CDC lists 3 popular European destinations as ‘very high’ risk
The US Centers for Disease Control and Prevention added three popular European nations and a small, idyllic island destination to its list of “very high” risk travel destinations on Monday as a new Covid-19 surge continues to sweep much of Europe.
The four destinations moved to Level 4, the highest risk category, are:
• Czech Republic• Guernsey• Hungary• Iceland
With their ornate architecture and rich cultures, the Czech Republic and Hungary have been two of the darlings of Central European travel ever since the fall of the Iron Curtain in the late 20th century.
Iceland — land of glaciers, geysers and volcanoes — is a big draw among outdoor adventurists. And little charming Guernsey is a self-governing British Crown dependency in the English Channel not far from the coast of France.
Destinations that fall into the CDC’s “Covid-19 Very High” Level 4 category have had more than 500 cases per 100,000 residents in the past 28 days.
People should avoid traveling to locations designated with a “Level 4” notice, the CDC recommends. Anyone who must travel should be fully vaccinated first, the agency advises.
Previously, all four destinations had been listed in the Level 3 category of “Covid-19 High” risk. By moving to Level 4, they join the ranks of other travel favorites in Europe and elsewhere. They include:
• Belgium• Netherlands• Singapore• Turkey• US Virgin Islands
In all, more than 70 destinations are currently at Level 4. The United Kingdom and British Virgin Islands have been lodged at Level 4 since July 19.
New entries on Level 3
The Level 3 category — which applies to destinations that have had between 100 and 500 cases per 100,000 residents in the past 28 days — had three updates this week.
• Bahamas• Bolivia• Papua New Guinea
The move was actually good news for the Bahamas, a tourism-dependent destination, and Papua New Guinea — both had been at Level 4.
For Bolivia, known for its otherworldly landscapes, the move signals an increase in cases as it previously was listed at Level 2.
You can view the CDC’s risk levels for global destinations on its travel recommendations page.
There are other factors for travelers to consider beyond the Covid-19 incidence rates that figure prominently in the CDC’s travel notices, according to CNN Medical Analyst Dr. Leana Wen.
“The transmission rates are one guidepost. Another is what precautions are required and followed in the place that you’re going and then the third is what are you planning to do once you’re there,” said Wen, an emergency physician and professor of health policy and management at the George Washington University Milken Institute School of Public Health.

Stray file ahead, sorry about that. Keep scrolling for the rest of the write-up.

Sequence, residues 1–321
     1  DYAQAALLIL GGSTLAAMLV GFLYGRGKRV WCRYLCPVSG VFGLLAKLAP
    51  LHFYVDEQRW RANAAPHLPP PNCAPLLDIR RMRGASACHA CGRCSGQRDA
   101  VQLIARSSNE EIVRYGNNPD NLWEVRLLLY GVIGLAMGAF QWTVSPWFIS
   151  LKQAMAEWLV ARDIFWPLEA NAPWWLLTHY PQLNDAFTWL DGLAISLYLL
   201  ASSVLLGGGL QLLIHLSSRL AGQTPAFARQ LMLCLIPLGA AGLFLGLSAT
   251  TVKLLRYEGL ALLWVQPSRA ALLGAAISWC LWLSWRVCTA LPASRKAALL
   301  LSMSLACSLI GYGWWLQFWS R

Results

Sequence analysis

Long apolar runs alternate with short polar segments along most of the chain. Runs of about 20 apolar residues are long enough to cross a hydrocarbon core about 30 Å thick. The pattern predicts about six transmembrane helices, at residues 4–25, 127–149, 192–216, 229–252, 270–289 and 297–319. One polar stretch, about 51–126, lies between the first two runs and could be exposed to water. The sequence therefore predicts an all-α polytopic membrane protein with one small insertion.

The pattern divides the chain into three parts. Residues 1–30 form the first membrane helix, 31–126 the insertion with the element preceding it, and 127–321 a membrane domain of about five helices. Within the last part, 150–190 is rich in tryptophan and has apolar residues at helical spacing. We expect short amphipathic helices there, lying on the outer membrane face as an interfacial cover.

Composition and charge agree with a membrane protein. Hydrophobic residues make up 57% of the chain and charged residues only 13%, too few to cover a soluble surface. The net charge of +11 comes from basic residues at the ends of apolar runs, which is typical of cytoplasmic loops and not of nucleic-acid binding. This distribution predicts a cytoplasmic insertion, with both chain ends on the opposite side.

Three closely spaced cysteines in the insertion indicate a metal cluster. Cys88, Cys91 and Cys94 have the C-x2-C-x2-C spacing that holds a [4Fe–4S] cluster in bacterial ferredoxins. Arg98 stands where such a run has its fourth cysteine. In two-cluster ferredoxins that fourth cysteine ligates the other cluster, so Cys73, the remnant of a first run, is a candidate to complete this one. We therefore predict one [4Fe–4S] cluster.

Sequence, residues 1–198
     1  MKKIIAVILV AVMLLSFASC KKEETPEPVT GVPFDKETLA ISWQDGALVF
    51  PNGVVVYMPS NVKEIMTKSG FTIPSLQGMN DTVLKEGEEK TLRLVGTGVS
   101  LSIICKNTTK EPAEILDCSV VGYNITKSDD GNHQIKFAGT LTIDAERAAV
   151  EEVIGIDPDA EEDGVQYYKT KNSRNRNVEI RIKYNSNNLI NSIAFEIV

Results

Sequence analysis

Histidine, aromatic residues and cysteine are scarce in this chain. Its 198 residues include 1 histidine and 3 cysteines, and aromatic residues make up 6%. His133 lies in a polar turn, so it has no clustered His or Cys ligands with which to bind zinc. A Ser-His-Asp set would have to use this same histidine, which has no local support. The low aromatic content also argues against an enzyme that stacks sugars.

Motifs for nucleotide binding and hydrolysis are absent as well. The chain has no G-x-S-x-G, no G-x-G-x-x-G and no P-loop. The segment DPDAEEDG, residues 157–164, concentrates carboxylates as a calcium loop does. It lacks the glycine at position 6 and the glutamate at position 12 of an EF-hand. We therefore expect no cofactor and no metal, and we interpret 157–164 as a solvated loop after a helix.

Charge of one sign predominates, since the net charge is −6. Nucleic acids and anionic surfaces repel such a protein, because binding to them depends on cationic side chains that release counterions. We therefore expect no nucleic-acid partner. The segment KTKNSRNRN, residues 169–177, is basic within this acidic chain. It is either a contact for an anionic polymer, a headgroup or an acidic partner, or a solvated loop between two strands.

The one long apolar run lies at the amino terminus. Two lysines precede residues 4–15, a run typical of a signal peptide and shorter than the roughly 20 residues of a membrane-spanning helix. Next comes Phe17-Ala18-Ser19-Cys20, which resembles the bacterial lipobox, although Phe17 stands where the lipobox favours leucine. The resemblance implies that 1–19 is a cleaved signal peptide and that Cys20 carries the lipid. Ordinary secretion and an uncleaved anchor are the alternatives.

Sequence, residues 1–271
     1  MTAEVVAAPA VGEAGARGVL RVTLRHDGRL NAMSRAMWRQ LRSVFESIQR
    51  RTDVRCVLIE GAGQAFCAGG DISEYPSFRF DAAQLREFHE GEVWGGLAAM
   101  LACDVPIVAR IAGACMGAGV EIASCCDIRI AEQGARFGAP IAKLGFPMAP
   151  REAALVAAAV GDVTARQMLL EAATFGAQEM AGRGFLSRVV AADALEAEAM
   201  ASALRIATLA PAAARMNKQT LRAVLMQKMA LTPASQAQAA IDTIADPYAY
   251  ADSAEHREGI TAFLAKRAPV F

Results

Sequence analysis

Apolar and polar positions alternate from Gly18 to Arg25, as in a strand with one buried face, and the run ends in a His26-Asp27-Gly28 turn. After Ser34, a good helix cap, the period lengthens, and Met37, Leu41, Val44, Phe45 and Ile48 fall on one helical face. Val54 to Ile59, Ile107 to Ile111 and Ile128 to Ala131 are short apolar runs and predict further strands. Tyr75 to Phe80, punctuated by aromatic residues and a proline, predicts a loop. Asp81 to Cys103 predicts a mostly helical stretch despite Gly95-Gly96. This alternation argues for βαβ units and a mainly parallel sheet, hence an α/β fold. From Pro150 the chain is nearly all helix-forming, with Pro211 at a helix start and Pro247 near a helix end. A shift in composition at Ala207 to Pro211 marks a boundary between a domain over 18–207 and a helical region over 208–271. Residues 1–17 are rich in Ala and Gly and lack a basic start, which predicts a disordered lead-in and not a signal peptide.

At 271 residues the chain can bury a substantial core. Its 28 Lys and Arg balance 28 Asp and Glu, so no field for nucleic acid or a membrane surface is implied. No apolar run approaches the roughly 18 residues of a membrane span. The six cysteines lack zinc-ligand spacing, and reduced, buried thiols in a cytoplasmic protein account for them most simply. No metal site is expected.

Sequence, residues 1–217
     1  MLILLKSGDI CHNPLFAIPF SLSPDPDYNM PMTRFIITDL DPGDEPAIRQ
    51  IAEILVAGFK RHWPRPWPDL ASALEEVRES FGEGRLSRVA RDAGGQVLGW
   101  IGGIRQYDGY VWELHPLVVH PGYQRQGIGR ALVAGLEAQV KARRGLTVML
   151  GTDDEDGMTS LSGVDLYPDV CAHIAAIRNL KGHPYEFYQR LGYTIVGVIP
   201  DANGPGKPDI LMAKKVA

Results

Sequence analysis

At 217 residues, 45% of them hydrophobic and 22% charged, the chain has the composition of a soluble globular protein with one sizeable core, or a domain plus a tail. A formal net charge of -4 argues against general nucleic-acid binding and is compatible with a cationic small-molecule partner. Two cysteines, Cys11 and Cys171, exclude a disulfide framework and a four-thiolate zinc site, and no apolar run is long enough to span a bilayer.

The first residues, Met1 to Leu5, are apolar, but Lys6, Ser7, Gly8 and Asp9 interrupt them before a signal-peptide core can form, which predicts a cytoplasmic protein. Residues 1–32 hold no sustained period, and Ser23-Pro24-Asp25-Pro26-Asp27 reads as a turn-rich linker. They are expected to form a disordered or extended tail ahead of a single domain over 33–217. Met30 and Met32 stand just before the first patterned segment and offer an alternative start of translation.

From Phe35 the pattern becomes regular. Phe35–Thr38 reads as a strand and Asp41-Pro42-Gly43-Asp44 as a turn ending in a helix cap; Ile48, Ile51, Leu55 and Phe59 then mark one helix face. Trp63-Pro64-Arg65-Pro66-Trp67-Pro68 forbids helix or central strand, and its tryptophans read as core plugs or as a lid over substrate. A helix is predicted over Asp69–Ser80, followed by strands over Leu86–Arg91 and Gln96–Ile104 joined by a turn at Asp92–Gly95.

“Are you planning to visit a lot of attractions and go to indoor bars? That’s very different from you’re going somewhere where you’re planning to lie on the beach all day and not interact with anyone else,” said Wen, who is also author of a new book, “Lifelines: A Doctor’s Journey in the Fight for Public Health.”
Most importantly, travelers should be vaccinated, she said.
Update on Level 2
The CDC moved exotic Morocco, in the northwest corner of Africa, down from Level 3 to Level 2.
Destinations carrying the “Level 2: Covid-19 Moderate” designation have seen 50 to 99 Covid-19 cases per 100,000 residents in the past 28 days.
Keep in mind the CDC list updates weekly, and the situation in any country can change for better or worse from week to week.
Level 1 and no ratings
In the category of “Level 1: Covid-19 Low” destinations, fewer than 50 new cases per 100,000 residents have been logged over the past 28 days.
Six destinations moved into Level 1 on November 15:
• Gambia• India • Japan• Liberia• Mozambique• Pakistan
India’s move to Level 1 is particularly noteworthy as it was in a horrific crisis with Covid-19 this past spring.
Finally, there are destinations for which the CDC has an “unknown” risk because of a lack of information. As of November 15, that list included Madagascar, Cambodia, Nicaragua and Macau.
In its broader travel guidance, the CDC has recommended avoiding all international travel until you are fully vaccinated.
“Fully vaccinated travelers are less likely to get and spread Covid-19. However, international travel poses additional risks, and even fully vaccinated travelers might be at increased risk for getting and possibly spreading some Covid-19 variants,” the agency said.